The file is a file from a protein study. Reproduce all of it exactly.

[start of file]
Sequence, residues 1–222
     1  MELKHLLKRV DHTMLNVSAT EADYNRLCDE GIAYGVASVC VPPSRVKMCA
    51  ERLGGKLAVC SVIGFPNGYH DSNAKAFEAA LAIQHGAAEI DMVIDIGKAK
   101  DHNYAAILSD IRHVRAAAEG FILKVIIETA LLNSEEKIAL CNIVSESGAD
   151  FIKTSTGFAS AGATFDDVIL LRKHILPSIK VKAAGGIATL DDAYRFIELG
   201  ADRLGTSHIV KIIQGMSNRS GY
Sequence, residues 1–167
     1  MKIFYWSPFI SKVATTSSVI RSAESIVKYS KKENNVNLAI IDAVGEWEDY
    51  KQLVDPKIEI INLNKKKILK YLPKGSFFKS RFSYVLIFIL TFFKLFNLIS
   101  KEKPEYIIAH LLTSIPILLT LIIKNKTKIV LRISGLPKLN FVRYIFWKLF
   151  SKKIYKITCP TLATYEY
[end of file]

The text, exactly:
Sequence, residues 1–222
     1  MELKHLLKRV DHTMLNVSAT EADYNRLCDE GIAYGVASVC VPPSRVKMCA
    51  ERLGGKLAVC SVIGFPNGYH DSNAKAFEAA LAIQHGAAEI DMVIDIGKAK
   101  DHNYAAILSD IRHVRAAAEG FILKVIIETA LLNSEEKIAL CNIVSESGAD
   151  FIKTSTGFAS AGATFDDVIL LRKHILPSIK VKAAGGIATL DDAYRFIELG
   201  ADRLGTSHIV KIIQGMSNRS GY
Sequence, residues 1–167
     1  MKIFYWSPFI SKVATTSSVI RSAESIVKYS KKENNVNLAI IDAVGEWEDY
    51  KQLVDPKIEI INLNKKKILK YLPKGSFFKS RFSYVLIFIL TFFKLFNLIS
   101  KEKPEYIIAH LLTSIPILLT LIIKNKTKIV LRISGLPKLN FVRYIFWKLF
   151  SKKIYKITCP TLATYEY